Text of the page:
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Cook County dairy farm locked in legal battle with state

A Cook County farmer will appear in State District Court in Grand Marais on Monday, defending his refusal to allow a state inspection he doesn't want and contends his farm doesn't need.

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A Cook County farmer will appear in State District Court in Grand Marais on Monday, defending his refusal to allow a state inspection he doesn't want and contends his farm doesn't need.

The Minnesota Department of Agriculture is seeking to have the court fine the farmer, David Berglund, $500 per day until he complies with the inspection order for his farm, Lake View Natural Dairy.

Berglund first squared off with the agriculture department last October, after officials with the agency learned of his farm and that he'd been selling raw milk and other raw milk products directly to customers who visit the dairy.

Since then, citing a more than 100-year-old passage in the Minnesota Constitution that allows a person to peddle products of their farm without a license, Berglund has refused to allow inspectors onto his property.

The Cook County Sheriff's Office is caught in the middle, having been asked to assist in the enforcement of the inspection process. It has maintained that it will not get involved until it is compelled to do so.

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"Right now it's a civil action, and we're going to remain neutral," Sheriff Pat Eliasen said.

The case is drawing a growing measure of regional and national attention for its converging issues including individual rights and organic farming. Berglund is not commenting to the media, but his attorney Zenas Baer explained the fertile legal territory into which the case has treaded.

"It's the fundamental right of us as citizens to engage in a private transaction without having the nanny state peering over our shoulder saying, 'Thou shalt not do this,' " Baer said.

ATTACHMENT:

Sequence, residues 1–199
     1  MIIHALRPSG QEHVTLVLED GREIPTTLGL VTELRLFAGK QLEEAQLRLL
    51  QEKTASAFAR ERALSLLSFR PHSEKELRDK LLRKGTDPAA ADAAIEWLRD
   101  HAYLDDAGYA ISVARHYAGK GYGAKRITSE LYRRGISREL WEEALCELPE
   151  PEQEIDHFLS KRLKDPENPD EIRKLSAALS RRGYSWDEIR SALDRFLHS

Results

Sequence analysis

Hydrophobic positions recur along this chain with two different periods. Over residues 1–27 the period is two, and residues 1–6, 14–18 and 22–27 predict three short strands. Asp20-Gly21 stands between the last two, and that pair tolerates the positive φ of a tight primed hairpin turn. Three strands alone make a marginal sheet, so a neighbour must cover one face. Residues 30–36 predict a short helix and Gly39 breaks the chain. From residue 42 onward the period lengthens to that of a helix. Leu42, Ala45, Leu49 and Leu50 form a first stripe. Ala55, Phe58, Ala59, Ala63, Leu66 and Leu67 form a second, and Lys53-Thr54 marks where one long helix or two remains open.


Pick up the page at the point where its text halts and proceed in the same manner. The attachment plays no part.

According to documents filed by Baer with the court, the Berglund farm is more than 100 years old, having been started by Berglund's forebearers, who immigrated from Sweden. Located on Cook County Road 56, off the Gunflint Trail northeast of Grand Marais, it features 75-80 head of cattle and some pigs and chickens on more than 700 acres, some owned by Berglund and some leased. The farm sells raw milk, cream, skim milk, butter, yogurt, beef and eggs to customers who visit the farm.

Greg Gentz is a customer of the farm. A former Minneapolis police officer and Cook County sheriff's deputy, Gentz said he visits the farm for his milk about twice weekly. He was exposed to the raw milk when he and his family were vacationers to the area. Now a full-time resident, he's been a vocal supporter of Lake View Natural Dairy and what he believes is its right to operate without state involvement.

"I liked the taste of it better," Gentz said of the milk. "I knew it was unpasteurized. But I'm not a milk advocate or a raw milk advocate, I'm an advocate for people's individual rights and the government respecting the limits of its authority. That was dear to me in 15 years of law enforcement - as much as getting the arrest, it was just as important I wasn't violating people's rights."

The Minnesota Department of Agriculture would not comment to the News Tribune on the pending court case. But it did make Nicole Neeser, director of its dairy and food inspection division, available to speak to the state's authority over dairy farms. She said about 93 percent of the dairy farms in the state are inspected and licensed as grade-A farms, with their products able to be used for bottled milk, yogurt, sour cream and cottage cheese. Other products - cheese, ice cream and butter, primarily - can use milk that comes from grade-B farms. Regardless, most dairy farms, Neeser said, are grade-A and visited twice annually for unannounced inspections that focus primarily on sanitization.

"The (state) statute requires all milk that is used to produce products that humans consume be pasteurized with the exception of raw milk sold directly to consumers right from the farm," Neeser said.

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That would appear to accommodate Lake View Natural Dairy, but Baer posited that it's the salt added to butter, the cultures added to produce yogurt and the cream taken from skim milk that are the roots of the state's grievance against the farm.

"I'm not entirely clear as to why they are pursuing action against Berglund," Baer said. "He has a farm where he raises cows and sells products of the farm on a self-serve basis. I believe part of the issue with the department is the processing of food."

Lake View Natural Dairy appeared on the Minnesota Department of Agriculture's radar sometime in 2014, shortly after it explored the possibility of selling its milk to a processor - which the farm never did pursue.

Gentz said that a $500-per-day fine or forcing the farm to include costly pasteurization equipment would put the farm out of business and ruin a good thing for its customers. He's secured 148 signatures from farm customers for use in Berglund's defense.

"The state can't legislate away constitutional protection," Gentz said. "The people who are customers of the farm know the risk (of raw milk) stated by the Minnesota Department of Agriculture. It's my choice to do business with them."

Related Topics: AGRICULTUREFOOD
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